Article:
Pain. As in other stages, pain from cancer may happen when cancer takes over tissue, or when tumors press on your bones, nerves, or organs. Some tumors release chemicals that cause pain, or cause your body to react in pain. Your health care team can manage the pain through medicine.

Pain management is a key part of palliative care, including hospice care. Be sure to let your loved ones and medical team know how you are feeling. The pain can often be eased.

Trouble swallowing. You may feel too weak to swallow. It’s also possible that “swallow” messages from your brain aren’t reaching your esophagus, the part of your body that connects your mouth to your stomach.

If you can’t swallow pain medicine, it can also be effective when placed under your tongue or through injection, infusion, or skin patch.

This can be a time of big emotions -- for you and your loved ones. You may feel peaceful and ready to go. You may feel sad, angry, scared, or withdrawn. You may be worried about the loved ones you’ll leave behind or have feelings -- good or bad -- about your life.

The only right emotion to feel is whatever you’re feeling.

Expect to grieve losses on many levels over the course of this stage: loss of function, independence, hope of recovery, and the way you thought your life would look.

Keep in mind that you have options, including hospice, which can help you address any emotional, relational, and spiritual issues that are on your mind.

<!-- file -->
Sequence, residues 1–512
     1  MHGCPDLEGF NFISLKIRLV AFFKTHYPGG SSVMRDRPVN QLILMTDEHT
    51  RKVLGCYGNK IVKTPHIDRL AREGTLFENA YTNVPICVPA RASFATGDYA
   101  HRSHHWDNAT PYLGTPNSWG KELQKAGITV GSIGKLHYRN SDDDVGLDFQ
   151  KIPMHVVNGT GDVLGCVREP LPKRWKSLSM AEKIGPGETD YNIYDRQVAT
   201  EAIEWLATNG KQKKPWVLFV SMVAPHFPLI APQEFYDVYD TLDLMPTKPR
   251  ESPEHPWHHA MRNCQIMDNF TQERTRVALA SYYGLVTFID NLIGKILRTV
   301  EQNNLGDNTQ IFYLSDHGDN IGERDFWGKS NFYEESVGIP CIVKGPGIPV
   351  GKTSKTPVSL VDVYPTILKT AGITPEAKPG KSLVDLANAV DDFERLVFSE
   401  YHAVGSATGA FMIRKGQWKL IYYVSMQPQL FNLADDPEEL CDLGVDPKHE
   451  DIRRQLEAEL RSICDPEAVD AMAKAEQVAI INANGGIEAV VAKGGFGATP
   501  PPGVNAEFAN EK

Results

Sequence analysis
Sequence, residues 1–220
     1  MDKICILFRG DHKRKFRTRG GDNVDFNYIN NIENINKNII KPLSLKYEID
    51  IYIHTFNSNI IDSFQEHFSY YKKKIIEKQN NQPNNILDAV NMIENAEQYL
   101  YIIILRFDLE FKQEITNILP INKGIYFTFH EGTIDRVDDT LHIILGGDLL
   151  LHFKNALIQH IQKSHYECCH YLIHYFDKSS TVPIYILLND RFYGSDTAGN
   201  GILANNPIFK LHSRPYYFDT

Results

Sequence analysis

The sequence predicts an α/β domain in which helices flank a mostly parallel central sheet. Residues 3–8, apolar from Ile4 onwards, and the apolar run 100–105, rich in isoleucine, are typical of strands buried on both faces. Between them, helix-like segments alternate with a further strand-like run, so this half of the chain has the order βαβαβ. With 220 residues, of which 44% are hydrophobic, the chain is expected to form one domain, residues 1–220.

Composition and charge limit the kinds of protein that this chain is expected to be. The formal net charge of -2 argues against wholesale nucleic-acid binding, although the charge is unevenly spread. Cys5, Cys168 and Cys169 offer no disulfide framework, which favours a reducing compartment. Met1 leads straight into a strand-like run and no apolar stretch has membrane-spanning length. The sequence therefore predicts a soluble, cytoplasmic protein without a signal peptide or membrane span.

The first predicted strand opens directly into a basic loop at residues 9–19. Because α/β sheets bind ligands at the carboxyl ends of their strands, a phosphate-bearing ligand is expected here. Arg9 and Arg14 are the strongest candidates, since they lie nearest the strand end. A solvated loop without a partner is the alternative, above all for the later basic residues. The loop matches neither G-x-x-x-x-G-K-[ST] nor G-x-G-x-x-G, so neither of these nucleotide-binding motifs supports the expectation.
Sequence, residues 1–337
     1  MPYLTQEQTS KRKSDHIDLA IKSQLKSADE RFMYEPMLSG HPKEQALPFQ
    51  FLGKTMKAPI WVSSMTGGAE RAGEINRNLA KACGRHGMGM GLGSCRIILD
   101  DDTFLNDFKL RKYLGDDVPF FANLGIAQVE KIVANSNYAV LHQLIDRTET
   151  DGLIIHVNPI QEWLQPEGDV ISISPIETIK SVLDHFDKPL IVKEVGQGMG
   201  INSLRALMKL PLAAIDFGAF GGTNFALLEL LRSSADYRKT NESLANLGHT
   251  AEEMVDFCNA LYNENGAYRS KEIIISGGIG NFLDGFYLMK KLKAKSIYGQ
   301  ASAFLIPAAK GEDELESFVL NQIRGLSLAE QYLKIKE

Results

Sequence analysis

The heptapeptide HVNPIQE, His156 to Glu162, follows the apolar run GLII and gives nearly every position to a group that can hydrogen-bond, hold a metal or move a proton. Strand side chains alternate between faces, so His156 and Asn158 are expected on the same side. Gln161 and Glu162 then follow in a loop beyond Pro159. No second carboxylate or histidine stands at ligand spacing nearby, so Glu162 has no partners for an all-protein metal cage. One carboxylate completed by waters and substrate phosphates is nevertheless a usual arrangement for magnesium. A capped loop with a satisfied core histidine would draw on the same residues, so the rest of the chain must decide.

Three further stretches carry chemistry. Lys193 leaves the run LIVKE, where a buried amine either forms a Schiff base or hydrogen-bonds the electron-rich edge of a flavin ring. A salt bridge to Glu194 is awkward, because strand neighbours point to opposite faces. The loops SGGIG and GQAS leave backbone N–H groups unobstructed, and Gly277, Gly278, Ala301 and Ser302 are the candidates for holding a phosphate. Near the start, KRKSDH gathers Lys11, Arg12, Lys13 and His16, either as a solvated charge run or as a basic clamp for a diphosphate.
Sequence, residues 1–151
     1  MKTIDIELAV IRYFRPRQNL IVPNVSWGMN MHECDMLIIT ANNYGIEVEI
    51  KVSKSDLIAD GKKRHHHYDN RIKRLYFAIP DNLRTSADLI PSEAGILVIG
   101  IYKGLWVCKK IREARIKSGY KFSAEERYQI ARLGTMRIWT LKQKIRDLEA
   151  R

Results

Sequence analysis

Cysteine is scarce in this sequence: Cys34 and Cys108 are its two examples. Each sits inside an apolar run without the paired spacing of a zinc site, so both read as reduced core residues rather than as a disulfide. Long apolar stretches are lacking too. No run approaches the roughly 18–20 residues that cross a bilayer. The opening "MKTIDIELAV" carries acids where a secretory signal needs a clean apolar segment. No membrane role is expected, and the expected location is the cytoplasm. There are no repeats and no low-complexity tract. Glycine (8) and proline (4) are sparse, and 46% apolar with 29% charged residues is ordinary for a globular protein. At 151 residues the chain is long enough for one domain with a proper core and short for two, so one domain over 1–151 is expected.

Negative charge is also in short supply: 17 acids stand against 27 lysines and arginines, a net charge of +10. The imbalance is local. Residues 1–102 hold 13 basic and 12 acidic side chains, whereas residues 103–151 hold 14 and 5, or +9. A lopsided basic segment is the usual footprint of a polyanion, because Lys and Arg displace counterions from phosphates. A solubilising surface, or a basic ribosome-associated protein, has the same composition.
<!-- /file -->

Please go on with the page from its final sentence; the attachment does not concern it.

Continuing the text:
Hospice is both a philosophy and a method of care. The philosophy is that you have the best quality of life possible in your final phase of life. As a method of care, hospice is a team of professionals -- physician, nurse, social worker, home-health aide, and spiritual advisor -- who support your physical, spiritual, and emotional needs.

This includes:

  • Medication for your symptoms and pain
  • Medical equipment and supplies
  • Physical therapy
  • Occupational therapy
  • Speech and language therapy
  • Nutritional counseling
  • Making decisions about end-of-life measures like feeding tubes, CPR, and intubation
  • Legacy planning

Hospice is also there to support your family through the process, and for a year or more after your death.

More than 80% of the time, hospice care happens at home. If that’s not an option, you can choose to do hospice in a facility or hospital. In addition to Medicare, almost every private insurance company covers hospice.